Also, I like the open playtest idea.  Now, there are problems with open playtests – with Pathfinder, they got a lot of flack from some folks from not being willing to change too much despite fan feedback. D&D could fall into this trap too, and consider 4e (or 3e, depending how much they’re willing to admit their mistakes) too much of a must-have baseline. But if they take too much “fan input,” you get something designed by committee, which always sucks more than something designed by a small set of skilled artists. But the open playtest is no longer a rarity – Paizo has made sure of that; Goodman Games is using it for their Dungeon Crawl Classics, 6d6 does it routinely, and even those not doing truly open playtests seem to be doing more closed playtests (if the number of invites I get for such things is any guide).

ENWorld has three articles on the new edition: WotC Seeks Unity With a New Edition, The Day Wizards Showed Me 5th Edition, and Bet You Wish Your Workplace Looked Like Wizards of the Coast (this last is the most unlikely, unless you love being laid off). They are also keeping up a 5e Info Page with all reveals to date. Best quote so far is from former D&D Brand Manager Scott Rouse – “4e is broken as a game and business and it needs to go away.” The weirdest thing is all the news coverage it’s getting- from the Huffington Post to PerezHilton.com to HispanicBusiness.com.

Also, there’s an article on Forbes from a playtester – he got to play in an early draft of 5e and liked it.

The blogosphere results are in and there’s a lot of dubiousness.  GeekDad from Wired’s article on the new edition is probably a good representative response. I have to admit I’m dubious but hopeful.  If they could carry off Pathfinder compatibility, that would be a coup. WotC needs to realize they’re not the 900 lb gorilla any more, Paizo’s been eating their lunch in sales for a year now and is expanding into novels, comics, minis, MMOs… If they could come up with some plan to merge the two instead of leaving them divided, then BOOM goes the dynamite! If they don’t… 5e would have to be super amazingly good to sway me from Pathfinder, and I don’t just mean the rules – all the good content people have (usually after being laid off my Wizards) gone to Paizo, which is why the 4e adventures have reportedly been largely tripe. We’ll see if they can really swallow their pride and unify…

Many people are chiming in with what they want 5e to be like but frankly most strike me as confused and sucky. I really like Zak’s (before the announcement!) ideas on what 5e should be like though…

State of the RPG Union: Wizards of the Coast

Well, Wizards of the Coast is still plugging along, but it’s not looking good.

They have performed their traditional annual Christmas layoffs, this time tossing super-veterans Rich Baker (read his goodbye on the Wizards forums) and Steve Winter.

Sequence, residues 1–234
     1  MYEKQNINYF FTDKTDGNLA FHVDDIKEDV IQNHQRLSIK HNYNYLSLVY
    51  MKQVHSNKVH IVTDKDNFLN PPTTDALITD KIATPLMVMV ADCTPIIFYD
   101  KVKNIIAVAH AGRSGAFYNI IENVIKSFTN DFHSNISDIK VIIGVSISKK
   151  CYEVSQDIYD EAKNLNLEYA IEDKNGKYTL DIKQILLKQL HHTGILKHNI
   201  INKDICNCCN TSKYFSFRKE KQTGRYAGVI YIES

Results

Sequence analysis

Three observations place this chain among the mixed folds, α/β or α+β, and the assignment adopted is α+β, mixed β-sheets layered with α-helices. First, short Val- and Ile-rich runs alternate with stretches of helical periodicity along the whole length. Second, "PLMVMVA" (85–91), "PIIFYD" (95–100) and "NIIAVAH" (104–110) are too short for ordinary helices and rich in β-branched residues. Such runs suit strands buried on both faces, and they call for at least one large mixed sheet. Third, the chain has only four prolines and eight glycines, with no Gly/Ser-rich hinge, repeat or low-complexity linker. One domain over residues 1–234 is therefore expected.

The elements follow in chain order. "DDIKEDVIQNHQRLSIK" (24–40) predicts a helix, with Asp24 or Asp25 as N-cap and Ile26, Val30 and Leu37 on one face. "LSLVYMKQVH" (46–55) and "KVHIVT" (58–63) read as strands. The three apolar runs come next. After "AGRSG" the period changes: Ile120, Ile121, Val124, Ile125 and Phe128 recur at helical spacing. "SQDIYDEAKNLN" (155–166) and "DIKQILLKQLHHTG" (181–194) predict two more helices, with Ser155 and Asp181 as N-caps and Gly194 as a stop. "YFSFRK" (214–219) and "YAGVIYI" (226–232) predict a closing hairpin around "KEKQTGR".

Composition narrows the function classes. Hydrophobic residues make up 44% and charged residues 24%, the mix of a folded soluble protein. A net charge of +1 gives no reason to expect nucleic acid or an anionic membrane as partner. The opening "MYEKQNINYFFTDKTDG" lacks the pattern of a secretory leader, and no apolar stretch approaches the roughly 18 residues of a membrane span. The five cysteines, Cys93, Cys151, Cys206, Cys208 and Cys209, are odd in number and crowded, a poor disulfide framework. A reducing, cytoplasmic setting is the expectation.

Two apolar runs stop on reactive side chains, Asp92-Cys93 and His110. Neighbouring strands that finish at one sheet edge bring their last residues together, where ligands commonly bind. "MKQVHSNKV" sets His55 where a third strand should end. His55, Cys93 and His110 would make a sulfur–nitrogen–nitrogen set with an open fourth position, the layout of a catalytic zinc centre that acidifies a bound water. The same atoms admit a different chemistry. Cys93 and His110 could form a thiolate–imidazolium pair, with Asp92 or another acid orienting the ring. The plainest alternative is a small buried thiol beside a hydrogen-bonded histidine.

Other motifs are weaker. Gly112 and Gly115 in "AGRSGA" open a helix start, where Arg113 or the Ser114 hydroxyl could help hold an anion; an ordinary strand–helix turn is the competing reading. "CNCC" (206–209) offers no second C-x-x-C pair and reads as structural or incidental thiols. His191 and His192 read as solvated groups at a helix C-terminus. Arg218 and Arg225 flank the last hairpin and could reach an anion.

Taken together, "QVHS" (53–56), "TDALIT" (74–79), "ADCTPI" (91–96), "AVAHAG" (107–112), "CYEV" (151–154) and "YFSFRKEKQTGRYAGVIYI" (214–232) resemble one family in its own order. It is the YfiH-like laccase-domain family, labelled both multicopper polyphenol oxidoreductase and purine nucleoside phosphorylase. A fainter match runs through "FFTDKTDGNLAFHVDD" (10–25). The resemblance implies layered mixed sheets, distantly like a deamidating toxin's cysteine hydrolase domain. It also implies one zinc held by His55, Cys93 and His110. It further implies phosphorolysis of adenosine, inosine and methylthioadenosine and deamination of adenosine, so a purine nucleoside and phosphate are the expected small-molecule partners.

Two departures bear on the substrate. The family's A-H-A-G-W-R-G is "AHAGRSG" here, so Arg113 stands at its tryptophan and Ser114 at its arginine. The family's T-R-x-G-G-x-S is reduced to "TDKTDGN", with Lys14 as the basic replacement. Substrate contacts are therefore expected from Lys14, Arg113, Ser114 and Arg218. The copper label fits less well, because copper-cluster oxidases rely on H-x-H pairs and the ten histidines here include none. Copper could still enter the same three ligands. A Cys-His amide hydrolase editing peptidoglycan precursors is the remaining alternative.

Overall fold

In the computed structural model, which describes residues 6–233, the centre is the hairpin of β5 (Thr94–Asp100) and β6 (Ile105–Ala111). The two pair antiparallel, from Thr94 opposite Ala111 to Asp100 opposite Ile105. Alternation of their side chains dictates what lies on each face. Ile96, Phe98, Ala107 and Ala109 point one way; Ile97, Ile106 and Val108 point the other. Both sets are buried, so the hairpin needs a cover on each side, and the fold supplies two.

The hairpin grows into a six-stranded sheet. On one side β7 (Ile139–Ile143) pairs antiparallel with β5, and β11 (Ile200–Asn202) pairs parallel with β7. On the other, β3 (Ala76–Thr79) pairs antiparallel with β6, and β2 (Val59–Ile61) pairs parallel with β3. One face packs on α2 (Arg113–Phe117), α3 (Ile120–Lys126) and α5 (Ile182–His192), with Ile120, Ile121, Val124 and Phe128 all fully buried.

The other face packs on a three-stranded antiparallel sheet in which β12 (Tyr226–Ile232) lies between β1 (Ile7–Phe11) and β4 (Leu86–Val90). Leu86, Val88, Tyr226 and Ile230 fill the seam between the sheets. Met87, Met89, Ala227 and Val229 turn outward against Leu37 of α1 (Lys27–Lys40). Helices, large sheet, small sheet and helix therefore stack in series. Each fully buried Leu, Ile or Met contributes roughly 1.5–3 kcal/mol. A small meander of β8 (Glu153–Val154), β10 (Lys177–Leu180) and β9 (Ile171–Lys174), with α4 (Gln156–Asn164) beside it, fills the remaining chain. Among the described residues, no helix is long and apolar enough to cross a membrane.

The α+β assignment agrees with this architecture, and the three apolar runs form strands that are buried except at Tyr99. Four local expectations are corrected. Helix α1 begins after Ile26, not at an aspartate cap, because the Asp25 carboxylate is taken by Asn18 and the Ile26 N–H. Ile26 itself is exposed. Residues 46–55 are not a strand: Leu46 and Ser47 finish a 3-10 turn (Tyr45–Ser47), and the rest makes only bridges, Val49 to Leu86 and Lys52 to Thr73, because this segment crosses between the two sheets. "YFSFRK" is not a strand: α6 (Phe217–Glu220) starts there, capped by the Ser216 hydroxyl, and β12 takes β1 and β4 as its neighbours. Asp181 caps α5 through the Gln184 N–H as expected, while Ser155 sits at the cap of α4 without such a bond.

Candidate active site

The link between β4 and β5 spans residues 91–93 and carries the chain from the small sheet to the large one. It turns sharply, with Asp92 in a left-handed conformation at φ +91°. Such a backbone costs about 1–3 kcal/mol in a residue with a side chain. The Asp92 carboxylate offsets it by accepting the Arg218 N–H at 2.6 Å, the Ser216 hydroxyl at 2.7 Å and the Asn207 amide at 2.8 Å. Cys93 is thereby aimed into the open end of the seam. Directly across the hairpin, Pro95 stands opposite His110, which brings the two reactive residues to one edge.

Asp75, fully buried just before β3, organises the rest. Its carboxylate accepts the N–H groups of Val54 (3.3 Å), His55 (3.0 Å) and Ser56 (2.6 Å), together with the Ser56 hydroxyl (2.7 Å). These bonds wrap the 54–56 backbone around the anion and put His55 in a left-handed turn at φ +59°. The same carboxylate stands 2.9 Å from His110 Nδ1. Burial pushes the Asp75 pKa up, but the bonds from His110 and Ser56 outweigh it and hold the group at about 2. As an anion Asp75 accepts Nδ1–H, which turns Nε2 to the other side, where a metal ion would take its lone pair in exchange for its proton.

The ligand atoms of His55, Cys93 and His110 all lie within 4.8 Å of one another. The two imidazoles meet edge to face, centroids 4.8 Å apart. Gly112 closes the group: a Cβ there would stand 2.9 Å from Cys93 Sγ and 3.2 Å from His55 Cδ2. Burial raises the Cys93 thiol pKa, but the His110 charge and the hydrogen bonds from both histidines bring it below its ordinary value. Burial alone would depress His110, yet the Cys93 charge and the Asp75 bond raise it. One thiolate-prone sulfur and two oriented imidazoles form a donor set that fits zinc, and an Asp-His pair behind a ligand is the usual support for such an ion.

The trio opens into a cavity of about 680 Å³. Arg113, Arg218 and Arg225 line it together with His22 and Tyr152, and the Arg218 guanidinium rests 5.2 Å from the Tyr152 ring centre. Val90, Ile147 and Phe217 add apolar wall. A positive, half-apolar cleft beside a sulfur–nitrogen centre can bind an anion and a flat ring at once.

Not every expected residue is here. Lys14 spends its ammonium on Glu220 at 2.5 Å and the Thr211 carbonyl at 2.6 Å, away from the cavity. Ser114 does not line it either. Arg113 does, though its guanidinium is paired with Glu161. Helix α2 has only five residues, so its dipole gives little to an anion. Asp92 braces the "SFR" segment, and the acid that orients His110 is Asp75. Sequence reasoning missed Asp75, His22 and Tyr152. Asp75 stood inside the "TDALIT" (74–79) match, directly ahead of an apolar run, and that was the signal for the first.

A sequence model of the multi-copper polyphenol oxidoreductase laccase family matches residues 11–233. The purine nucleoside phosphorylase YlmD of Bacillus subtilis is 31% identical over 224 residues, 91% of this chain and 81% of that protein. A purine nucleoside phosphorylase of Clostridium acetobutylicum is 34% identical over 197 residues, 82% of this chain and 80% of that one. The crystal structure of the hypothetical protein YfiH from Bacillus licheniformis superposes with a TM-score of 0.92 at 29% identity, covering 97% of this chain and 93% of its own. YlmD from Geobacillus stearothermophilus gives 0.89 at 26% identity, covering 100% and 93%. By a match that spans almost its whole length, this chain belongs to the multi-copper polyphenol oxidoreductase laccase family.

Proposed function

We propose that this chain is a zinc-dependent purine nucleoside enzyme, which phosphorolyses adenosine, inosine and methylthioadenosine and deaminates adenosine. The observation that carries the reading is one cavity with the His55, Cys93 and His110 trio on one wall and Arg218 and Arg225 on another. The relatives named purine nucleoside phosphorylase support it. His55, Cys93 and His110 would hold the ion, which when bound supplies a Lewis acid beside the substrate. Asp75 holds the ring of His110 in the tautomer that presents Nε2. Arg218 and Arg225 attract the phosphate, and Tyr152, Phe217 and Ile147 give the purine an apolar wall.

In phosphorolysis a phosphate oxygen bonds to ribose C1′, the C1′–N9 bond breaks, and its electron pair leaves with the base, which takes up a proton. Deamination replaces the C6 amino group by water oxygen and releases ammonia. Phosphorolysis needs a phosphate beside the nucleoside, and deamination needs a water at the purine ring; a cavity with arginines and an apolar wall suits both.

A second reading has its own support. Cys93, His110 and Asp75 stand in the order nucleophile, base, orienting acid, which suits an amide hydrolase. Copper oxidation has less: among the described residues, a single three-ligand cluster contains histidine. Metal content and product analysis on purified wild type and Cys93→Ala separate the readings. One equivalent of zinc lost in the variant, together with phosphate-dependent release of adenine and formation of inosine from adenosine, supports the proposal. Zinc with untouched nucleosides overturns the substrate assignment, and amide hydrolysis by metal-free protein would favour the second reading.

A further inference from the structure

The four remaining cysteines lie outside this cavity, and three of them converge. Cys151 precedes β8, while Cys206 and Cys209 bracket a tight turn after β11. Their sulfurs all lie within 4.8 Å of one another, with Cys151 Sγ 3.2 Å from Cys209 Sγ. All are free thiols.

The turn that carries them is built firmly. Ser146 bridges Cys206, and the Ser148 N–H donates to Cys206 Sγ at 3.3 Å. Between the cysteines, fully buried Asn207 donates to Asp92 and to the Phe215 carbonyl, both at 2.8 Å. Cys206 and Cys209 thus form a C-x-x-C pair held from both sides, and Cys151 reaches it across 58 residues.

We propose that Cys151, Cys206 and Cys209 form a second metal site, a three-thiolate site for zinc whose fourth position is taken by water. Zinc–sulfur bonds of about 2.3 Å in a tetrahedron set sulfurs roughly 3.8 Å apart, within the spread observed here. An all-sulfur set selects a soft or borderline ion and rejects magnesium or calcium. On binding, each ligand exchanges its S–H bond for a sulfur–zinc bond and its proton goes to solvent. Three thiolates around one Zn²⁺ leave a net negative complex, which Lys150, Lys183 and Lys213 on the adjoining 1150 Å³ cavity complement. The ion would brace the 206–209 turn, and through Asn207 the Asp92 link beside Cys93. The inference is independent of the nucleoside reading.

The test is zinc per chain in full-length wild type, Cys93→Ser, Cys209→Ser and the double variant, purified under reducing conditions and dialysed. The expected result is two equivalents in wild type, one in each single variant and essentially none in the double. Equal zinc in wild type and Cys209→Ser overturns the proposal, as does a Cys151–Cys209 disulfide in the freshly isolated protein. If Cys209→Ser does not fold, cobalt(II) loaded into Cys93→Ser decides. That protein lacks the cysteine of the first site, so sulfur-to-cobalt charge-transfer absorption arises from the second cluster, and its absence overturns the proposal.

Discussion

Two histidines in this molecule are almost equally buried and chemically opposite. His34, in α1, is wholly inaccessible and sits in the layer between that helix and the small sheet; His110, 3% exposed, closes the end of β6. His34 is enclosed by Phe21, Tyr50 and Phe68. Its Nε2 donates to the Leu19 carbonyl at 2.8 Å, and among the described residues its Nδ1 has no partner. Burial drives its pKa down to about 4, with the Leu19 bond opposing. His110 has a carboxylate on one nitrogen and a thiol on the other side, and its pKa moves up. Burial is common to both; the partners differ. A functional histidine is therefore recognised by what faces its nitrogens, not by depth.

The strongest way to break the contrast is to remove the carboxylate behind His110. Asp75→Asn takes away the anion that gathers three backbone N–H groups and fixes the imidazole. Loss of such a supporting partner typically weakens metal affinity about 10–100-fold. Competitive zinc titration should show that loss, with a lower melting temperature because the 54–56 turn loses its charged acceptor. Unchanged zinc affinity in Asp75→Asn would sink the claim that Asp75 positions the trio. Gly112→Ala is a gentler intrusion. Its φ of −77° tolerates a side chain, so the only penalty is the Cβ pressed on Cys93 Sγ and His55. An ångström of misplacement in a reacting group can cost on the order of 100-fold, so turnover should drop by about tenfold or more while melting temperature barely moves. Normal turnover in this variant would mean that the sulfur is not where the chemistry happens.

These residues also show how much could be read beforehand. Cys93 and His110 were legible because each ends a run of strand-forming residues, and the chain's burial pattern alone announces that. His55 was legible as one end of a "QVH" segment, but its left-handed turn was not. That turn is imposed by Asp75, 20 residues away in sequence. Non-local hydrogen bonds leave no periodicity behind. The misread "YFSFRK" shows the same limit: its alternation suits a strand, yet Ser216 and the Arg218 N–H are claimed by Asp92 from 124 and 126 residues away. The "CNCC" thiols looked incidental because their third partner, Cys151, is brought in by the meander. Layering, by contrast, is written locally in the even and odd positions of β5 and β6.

Rich had been with TSR/WotC more than 20 years and worked on Alternity, Spelljammer, Birthright, Forgotten Realms, Axis & Allies,and much more.

Steve had been with TSR/WotC for 30 years!!! He worked on Marvel Super Heroes, Star Frontiers (my first RPG), the 1983 World of Greyhawk boxed set (my favorite setting), Pool of Radiance…

Of course long tenure and loyalty mean nothing to Hasbro, they are happy to fire people right before Christmas (it’s good for them financially since it’s their end of fiscal year) even when they’ve been there 20 or 30 years.  Stay classy, guys. Of course older employees make more money, so clear them out for young guys you can get to work for half the amount.

As everyone no doubt knows, they’ve hired Monte Cook and signs point to him and Mike Mearls working on D&D 5e, possibly for a 2013 release. Which I guess could be good since Mearls has been trying to make conciliatory noises at the “alienated by 4e” crowd. However, I see two bad signs.  One, Monte’s columns so far have been – strangely lackluster.  As in “fourth grade reading level” lackluster.  I don’t know why, he’s more talented than that, I wonder if there’s some strange restriction in place, but they really have been drivel.

But from what him and Mearls seem to be saying – instead of one well-designed game, it seems like they want to try to make everyone happy by making a “make your own D&D kit” instead of just making one D&D.  Which worked out so well for FUDGE. I think accommodating DIY and house rulers is great – but just be careful not to require it, guys. D&D has gone from a nice simple streamlined game in early D&D days to a hideous 500 page beast – cut that shit back. Someone should be able to play the game – not some dumbed down “beginner’s” version, but the real game – without a law degree. I like Pathfinder but the diarrhea of the rules there is getting me down too.

Also, they just got done suing Atari to get the rights back for D&D computer games, despite Atari being the best thing that’s happened to them since the Gold Box games.

Has anyone else noticed that when they go to wizards.com, the popdown at the top even says “Brands” now?  Not “Games.”  Not even “Products.”  Just “Brands.” How shit-tastic. That doesn’t bode well.